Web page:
Obesity is a major problem nowadays and it comes with a higher risk of a multitude of health issues. According to the CDC, more than one-third or 36.5% adults in the United States are classified as obese. Consequences of excess weight don’t only affect obese individuals, but their children as well. For example, the latest study discovered that parental obesity leads to developmental delays in kids. Keep reading to find out more.
Parental Obesity and Development in Children
While previous studies were concerned with the relationship between maternal obesity and childhood neurodevelopment, little is known about the effect of paternal obesity. To find out more about the impact of parental obesity on child’s neurodevelopment, Edwina Yeung and a team of scientists at the NICHD’s Division of Intramural Population Health Research decided to carry out a study.
For the purpose of their research, scientists reviewed data gathered from the Upstate KIDS study which originally aimed to determine whether fertility treatments could affect child development from birth through age 3. A total of 5034 women were included in the research about four months after giving birth. The research team analyzed data from 3759 singletons and 1062 nonrelated twins. Also, parents were asked to complete the ASQ (Ages and Stages Questionnaire) when their kids were 4, 8, 12, 18, 24, 30, and 36 months of age. The ASQ test serves as an indicator of how well children are able to relate to and interact with others. Basically, it aims to examine whether a child has the skills characteristic for its age.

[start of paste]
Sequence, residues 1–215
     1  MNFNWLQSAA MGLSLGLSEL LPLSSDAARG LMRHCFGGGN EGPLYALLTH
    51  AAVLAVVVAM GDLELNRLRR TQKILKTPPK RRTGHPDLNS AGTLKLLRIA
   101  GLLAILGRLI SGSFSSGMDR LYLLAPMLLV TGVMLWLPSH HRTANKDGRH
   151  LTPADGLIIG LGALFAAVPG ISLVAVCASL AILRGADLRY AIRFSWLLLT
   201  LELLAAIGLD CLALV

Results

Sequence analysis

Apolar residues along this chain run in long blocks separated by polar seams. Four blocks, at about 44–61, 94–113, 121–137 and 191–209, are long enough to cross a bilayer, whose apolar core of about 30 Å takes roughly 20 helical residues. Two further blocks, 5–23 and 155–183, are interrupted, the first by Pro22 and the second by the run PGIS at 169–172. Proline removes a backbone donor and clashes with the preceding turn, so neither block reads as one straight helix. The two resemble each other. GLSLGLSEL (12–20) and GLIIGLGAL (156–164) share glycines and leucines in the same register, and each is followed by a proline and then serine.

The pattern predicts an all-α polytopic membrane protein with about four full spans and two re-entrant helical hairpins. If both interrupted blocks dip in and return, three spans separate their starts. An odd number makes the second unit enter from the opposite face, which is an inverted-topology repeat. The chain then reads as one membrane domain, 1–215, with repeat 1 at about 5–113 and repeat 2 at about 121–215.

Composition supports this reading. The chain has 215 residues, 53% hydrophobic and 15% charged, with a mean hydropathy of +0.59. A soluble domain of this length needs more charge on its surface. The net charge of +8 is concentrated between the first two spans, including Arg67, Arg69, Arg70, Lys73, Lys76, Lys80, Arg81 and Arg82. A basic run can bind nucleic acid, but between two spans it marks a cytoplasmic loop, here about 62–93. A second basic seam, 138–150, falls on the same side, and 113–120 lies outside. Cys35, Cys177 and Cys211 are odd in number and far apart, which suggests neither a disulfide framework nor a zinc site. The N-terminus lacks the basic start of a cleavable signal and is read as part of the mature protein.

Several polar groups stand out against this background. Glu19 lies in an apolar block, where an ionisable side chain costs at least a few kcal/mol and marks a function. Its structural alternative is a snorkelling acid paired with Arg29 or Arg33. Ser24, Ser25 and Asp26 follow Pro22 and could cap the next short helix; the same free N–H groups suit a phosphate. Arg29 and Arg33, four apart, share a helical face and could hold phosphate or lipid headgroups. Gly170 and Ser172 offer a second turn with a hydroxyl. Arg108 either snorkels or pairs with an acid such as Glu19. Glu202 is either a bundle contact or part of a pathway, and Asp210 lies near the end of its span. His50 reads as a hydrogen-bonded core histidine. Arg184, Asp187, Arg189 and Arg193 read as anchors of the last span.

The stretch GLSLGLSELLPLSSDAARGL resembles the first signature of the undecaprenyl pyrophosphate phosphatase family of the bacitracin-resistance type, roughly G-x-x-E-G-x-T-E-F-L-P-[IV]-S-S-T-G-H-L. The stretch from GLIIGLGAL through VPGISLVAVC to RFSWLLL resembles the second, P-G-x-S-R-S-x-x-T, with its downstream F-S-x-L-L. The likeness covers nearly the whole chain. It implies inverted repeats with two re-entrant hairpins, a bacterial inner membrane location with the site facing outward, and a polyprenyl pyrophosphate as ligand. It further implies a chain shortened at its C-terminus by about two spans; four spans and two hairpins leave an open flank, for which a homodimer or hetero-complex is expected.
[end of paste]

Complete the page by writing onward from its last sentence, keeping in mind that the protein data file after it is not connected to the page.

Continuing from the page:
The journal Pediatrics published results which showed that compared with normal or underweight mothers (BMI 25), children of obese mothers (with BMI 30) had increased the risk of failing the fine motor skill test. The risk was substantial, 70%. That’s not all; the same link remained even after scientists included paternal BMI into the equation. Interestingly, paternal obesity was strongly linked to higher odds, 75%, of failing the personal-social domain. Furthermore, kids whose both parents are obese with BMI ?35 were more likely to experience difficulties with problem-solving.
Scientists concluded the research explaining that both paternal and maternal obesity are related to specific developmental delays in early childhood. While it’s still not known why parental obesity plays the role, Yeung and her colleagues recommend that physicians should take the weight of both parents into consideration when screening young children for early interventional services and delays.
Dangers of Obesity
Being obese isn’t just about a waist circumference; excessive weight can put one’s health into jeopardy and affect the overall quality of life. Below, you can see just some of many dangers associated with obesity:
- Heart failure
- High blood pressure
- High levels of triglycerides and LDL (bad) cholesterol and very low levels of HDL (good) cholesterol
- Higher risk of stroke
- Increased risk of colon, breast cancer, endometrial, and gallbladder cancers
- Menstrual cycle issues, infertility in women
- Metabolic syndrome
- OHS (obesity hyperventilation syndrome), a breathing problem associated with obesity
- Sleep apnea
- Type 2 diabetes
Obesity has become a public health concern due to many dangers associated with it. Besides the lower quality of life and increased risk of various diseases, a person’s BMI can also have an impact on the children as well. The most recent study showed that weight of both parents plays a role in a child’s neurodevelopment. Obesity is linked with weaker problem-solving skills, fine motor skills, problems with interaction with others, and so on.